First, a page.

It was the clearest sign yet that what’s developing in southern Iraq is not the open, free and democratic society promised by the U.S.-led coalition occupying Iraq. The police officer at a roadblock ordered a traveler to cover her hair if she expected to continue her journey.
“This is an Islamic country and you must respect our feelings,” said the officer in the pale blue uniform supplied by the occupying coalition.
What? You mean she doesn’t have a human right not to cover her hair? But I thought that the hijab in France was a human rights issue!
Welcome to the Islamic state of southern Iraq where almost every public building is adorned with murals and posters of the three prominent Shiite Muslim clerics “martyred” in the chaos of today’s Iraq or under the rule of Saddam Hussein.
It is the sons, brothers and followers of these three men who -with the backing of neighboring Iran -are shaping the Shiite politics in the south. Here, secular ideas are not tolerated, alcohol sellers and video shop owners risk their lives, clubs and restaurants are closed for playing music, and women fearing for their lives hide behind veils.
While the world’s attention has been focused on the bickering over whether the country’s interim constitution should make Islam “a source” or “the source” of legislation and over the form of federation best suited for Iraq, these hardline Islamic forces are quietly putting down roots and building their power base.
Many Basra residents say that the Shiite clerics who rule Iran are behind much of the religious-vigilante violence taking place in this city of 2 million and that the Islamic Republic is determined to have an influential role here.
“Basra is the center of culture and science,” said Mustafa, a 26-year-old businessman. “Most of the religious parties are mercenaries who lived in Iran …. They want to impose their ideas on us. They want their word to be the law. We are afraid of them.”
Many in Basra fear that by the time elections are held next year and a constitution is in place, it will be too difficult to eliminate these forces, which will be fully entrenched.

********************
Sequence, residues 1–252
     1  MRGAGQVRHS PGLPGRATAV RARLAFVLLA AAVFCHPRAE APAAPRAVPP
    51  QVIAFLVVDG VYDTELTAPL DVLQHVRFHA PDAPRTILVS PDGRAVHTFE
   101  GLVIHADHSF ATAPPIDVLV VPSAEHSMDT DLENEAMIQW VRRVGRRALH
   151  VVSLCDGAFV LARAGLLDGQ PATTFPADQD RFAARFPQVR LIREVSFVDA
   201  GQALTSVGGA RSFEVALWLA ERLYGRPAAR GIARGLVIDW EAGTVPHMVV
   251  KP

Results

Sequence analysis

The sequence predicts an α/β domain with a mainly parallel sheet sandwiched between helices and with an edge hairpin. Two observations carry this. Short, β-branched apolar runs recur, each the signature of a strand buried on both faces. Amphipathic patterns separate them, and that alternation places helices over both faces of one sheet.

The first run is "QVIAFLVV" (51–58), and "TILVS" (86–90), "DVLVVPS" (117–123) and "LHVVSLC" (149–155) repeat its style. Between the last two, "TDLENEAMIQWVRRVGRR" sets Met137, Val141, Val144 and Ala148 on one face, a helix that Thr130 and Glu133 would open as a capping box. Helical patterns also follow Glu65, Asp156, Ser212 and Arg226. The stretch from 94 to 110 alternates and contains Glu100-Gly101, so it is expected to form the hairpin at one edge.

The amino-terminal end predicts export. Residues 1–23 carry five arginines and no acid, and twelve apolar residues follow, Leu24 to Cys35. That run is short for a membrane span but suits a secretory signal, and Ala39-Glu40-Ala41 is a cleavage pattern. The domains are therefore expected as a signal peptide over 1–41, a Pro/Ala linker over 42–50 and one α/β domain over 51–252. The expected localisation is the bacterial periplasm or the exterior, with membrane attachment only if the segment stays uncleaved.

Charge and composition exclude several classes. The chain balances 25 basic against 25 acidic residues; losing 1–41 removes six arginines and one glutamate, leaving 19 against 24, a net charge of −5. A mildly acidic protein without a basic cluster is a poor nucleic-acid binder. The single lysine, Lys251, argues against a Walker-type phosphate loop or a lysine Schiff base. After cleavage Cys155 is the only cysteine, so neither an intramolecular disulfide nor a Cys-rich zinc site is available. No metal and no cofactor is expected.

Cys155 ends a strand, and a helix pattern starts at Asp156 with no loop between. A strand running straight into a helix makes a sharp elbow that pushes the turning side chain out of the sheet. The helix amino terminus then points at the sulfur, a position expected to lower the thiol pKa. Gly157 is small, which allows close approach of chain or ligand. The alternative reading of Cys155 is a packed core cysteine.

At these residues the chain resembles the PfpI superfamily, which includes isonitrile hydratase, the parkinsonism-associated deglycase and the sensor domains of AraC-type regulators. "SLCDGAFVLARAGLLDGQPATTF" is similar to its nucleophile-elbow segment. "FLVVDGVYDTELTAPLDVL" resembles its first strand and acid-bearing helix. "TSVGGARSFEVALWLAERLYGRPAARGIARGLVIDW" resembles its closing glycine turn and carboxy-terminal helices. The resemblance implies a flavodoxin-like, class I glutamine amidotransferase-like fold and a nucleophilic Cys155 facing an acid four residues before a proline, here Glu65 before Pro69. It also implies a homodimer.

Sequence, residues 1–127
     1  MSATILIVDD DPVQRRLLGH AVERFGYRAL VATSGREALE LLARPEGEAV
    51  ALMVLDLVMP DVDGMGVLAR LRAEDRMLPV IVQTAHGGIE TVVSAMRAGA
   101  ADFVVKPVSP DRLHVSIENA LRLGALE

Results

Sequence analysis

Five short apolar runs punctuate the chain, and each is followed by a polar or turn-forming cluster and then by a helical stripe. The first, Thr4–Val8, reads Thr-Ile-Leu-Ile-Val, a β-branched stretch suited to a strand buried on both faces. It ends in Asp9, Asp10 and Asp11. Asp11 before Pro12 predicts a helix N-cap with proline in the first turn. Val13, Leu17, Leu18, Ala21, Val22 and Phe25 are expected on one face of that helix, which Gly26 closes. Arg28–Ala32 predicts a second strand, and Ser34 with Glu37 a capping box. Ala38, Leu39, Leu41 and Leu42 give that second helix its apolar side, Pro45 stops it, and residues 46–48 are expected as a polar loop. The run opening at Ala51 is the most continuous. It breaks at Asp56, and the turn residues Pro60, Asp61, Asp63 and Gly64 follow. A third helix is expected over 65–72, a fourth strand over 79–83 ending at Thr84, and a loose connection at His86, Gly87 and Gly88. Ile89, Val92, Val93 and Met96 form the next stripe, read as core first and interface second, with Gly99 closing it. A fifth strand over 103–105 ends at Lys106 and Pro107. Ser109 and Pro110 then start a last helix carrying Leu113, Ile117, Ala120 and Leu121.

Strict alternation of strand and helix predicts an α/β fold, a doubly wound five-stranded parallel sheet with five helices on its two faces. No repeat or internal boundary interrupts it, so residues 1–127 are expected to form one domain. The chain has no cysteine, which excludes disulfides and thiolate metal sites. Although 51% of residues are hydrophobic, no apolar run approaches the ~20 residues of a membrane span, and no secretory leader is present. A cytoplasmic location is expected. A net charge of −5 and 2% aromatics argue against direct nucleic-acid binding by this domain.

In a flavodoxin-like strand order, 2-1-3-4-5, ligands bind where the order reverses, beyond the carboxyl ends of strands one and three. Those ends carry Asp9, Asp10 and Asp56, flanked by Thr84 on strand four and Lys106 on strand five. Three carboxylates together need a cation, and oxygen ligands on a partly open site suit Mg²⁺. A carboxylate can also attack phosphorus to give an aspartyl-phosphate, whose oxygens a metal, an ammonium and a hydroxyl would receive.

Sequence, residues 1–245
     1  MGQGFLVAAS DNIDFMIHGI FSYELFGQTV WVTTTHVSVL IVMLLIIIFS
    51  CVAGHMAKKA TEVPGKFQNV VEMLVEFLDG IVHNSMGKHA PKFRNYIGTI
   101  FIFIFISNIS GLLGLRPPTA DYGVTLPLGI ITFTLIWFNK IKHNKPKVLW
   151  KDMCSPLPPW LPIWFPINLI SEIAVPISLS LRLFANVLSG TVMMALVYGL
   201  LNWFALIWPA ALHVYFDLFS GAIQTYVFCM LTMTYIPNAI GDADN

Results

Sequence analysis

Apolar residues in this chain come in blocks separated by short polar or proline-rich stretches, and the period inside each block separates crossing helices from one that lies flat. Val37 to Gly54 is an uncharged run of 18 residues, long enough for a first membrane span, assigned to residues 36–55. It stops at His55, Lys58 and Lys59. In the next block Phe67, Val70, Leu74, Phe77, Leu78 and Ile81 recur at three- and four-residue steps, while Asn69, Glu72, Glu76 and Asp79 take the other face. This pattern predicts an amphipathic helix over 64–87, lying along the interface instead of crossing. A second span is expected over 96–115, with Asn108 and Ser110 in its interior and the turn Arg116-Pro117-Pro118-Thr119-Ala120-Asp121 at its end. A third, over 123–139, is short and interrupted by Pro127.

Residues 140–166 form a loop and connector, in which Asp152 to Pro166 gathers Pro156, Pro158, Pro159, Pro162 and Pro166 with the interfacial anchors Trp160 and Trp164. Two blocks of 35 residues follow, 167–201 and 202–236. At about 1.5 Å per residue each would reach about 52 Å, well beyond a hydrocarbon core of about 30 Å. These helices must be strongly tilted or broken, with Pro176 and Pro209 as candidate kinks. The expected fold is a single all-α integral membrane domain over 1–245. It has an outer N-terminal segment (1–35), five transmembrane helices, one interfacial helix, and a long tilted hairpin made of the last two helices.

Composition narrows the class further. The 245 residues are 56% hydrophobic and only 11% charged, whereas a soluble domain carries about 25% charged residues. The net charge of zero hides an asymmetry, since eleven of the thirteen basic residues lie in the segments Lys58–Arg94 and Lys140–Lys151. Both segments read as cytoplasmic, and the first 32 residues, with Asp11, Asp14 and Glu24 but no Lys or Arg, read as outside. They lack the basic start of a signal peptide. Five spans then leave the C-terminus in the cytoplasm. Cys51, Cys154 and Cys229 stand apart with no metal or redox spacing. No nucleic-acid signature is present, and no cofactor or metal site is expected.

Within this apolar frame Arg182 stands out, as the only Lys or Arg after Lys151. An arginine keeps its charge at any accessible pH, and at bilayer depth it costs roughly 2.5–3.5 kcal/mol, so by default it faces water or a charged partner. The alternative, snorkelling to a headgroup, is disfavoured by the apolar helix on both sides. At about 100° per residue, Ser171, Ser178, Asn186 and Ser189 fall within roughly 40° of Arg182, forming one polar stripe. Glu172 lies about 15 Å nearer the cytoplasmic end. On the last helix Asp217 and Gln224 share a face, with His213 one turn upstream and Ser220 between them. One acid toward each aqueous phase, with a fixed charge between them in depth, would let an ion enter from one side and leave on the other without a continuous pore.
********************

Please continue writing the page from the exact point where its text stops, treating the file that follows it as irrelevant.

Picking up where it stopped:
There is not yet talk of a Shia state within a federated Iraq, but Basra and the surrounding four provinces offer some clues of what such a state would look like.
Things have changed since the days before the 1991 Gulf War when Basra was a favored weekend destination for Kuwaitis, whose country bans alcohol and who made the three-hour drive across the border to live it up in the city’s bars and nightclubs.
Although alcohol is not strictly illegal, all the bars and liquor shops have now closed. Many were shut by the now ousted Iraqi leader Saddam Hussein after the 1990-91 Gulf War to appease the Muslim faithful. Others have been bombed by Islamic vigilantes more recently, and owners of other shops shut down out of fear.
At least three vendors of alcohol have been killed in recent months. It’s still possible to buy booze, but it’s a hush-hush affair. A bottle of Johnny Walker Scotch goes for up to $50, so most consumers opt for the $20 harsher whiskey brewed in the region.
Women have been especially affected by the changes in Basra. They are hardly seen in the streets -almost never at night -and when they do go out they wear the hijab, or veil. Even some Christians follow this practice, though the law doesn’t mandate such Islamic dress, as it does in Iran .